Do You Write Like Twain or Emerson?

Natalie Tripp, BYU University Communications

In designing a tool to help students write better essays, BYU English professor Pat Madden and graduate students Shelli Spotts and Courtney Bulsiewicz looked to biology for inspiration.

Just like the Human Genome Project maps out DNA to understand the human body, the Essay Genome Project analyzes defining characteristics of essays written by students and compares those characteristics to those from well-known classic and contemporary essayists.

“At times the essay has been considered the ‘stepchild’ to other writing forms,” says Spotts. “However, the essay is not a new writing tradition; it’s been around for hundreds of years.” With technical assistance from the Office of Digital Humanities, Madden, Spotts, Bulsiewicz, and a team of students created a corpus of essays from the past 500 years. The essays are analyzed by a computer algorithm that identifies the frequency at which authors use common words and phrases as well as sty- listic, tonal, and formal similarities in the writ- ing. Corpus analysis has been previously used for poetry and drama, but the Essay Genome Project is the first to create a corpus for essays. Anyone can submit an essay or blog post to the corpus. Within seconds the algorithm will share personalized information about the author’s writing style, including a list of essayists with similar styles.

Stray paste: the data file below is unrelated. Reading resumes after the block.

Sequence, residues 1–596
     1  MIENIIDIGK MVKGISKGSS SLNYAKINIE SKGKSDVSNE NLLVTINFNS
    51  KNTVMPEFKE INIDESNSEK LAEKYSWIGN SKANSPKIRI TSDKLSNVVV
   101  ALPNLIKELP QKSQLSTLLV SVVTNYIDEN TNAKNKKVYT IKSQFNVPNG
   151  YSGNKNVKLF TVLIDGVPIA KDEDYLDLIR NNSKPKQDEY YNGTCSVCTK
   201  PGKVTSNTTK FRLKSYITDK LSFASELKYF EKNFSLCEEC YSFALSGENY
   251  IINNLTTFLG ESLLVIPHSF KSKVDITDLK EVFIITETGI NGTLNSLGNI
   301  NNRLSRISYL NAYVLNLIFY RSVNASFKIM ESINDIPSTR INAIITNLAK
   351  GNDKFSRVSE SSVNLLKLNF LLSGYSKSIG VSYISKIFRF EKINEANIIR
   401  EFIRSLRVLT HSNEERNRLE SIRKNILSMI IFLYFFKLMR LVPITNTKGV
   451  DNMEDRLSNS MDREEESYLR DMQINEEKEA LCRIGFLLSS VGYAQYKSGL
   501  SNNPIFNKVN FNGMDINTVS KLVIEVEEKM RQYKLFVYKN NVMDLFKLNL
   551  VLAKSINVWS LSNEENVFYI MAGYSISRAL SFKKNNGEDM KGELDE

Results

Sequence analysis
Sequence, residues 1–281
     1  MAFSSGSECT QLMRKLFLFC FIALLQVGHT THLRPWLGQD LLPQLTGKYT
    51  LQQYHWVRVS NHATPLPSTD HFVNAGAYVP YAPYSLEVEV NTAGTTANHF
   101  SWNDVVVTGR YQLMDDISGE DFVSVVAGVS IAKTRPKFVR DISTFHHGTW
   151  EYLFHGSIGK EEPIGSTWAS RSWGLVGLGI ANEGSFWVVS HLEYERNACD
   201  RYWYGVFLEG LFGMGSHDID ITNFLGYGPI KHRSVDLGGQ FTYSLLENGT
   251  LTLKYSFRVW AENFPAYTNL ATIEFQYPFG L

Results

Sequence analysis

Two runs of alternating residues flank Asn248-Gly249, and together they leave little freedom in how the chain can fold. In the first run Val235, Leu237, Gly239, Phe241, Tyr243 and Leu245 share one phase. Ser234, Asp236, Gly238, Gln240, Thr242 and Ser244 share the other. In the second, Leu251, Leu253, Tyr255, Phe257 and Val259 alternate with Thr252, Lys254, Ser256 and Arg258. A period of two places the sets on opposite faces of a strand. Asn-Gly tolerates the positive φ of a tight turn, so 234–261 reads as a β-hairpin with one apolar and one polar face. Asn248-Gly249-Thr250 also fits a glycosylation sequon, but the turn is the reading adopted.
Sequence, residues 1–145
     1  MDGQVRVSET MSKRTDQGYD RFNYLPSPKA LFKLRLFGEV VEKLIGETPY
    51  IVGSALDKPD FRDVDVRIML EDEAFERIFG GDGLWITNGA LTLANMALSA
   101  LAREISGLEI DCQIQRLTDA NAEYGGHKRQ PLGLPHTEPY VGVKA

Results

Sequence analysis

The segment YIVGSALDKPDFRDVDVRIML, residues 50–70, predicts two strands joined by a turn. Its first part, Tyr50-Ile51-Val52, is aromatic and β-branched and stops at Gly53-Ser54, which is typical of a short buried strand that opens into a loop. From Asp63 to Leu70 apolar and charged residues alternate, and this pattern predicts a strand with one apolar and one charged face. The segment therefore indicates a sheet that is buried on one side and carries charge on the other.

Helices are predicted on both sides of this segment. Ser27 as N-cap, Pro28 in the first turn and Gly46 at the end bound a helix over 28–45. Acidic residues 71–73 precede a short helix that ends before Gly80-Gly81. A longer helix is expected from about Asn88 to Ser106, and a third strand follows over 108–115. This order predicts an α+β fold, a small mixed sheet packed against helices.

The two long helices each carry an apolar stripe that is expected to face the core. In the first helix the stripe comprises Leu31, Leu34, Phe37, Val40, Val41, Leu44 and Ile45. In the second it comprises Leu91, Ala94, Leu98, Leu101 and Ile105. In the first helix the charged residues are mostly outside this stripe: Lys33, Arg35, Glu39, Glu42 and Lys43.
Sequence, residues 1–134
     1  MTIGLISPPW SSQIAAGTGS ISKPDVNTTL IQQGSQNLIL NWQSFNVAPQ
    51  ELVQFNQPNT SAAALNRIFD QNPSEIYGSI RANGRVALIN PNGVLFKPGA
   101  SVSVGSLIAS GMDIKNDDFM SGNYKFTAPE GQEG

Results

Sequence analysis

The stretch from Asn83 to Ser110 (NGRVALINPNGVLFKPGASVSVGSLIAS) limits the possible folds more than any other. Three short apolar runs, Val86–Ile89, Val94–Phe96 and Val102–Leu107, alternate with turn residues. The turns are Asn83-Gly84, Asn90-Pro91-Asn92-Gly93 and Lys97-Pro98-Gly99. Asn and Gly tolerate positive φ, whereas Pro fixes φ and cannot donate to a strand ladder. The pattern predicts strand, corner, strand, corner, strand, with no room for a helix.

The corpus was designed to compare authors and the evolution of essay subjects through differing time periods and geographical locations. It also traces a writer’s literary ancestors and descendants. Not only does the corpus help writers improve their skill, but the research also examines which essayists have had the greatest influence throughout time and whether originality exists.

“We want students to read many essayists, not only contemporary ones,” says Madden. “Students who are well-versed develop an appreciation for the tradition of the essay, recognize the ways they’ve been influenced, and make personal connections with past and present essayists.”

Humanities Magazine Fall 2016 Full Issue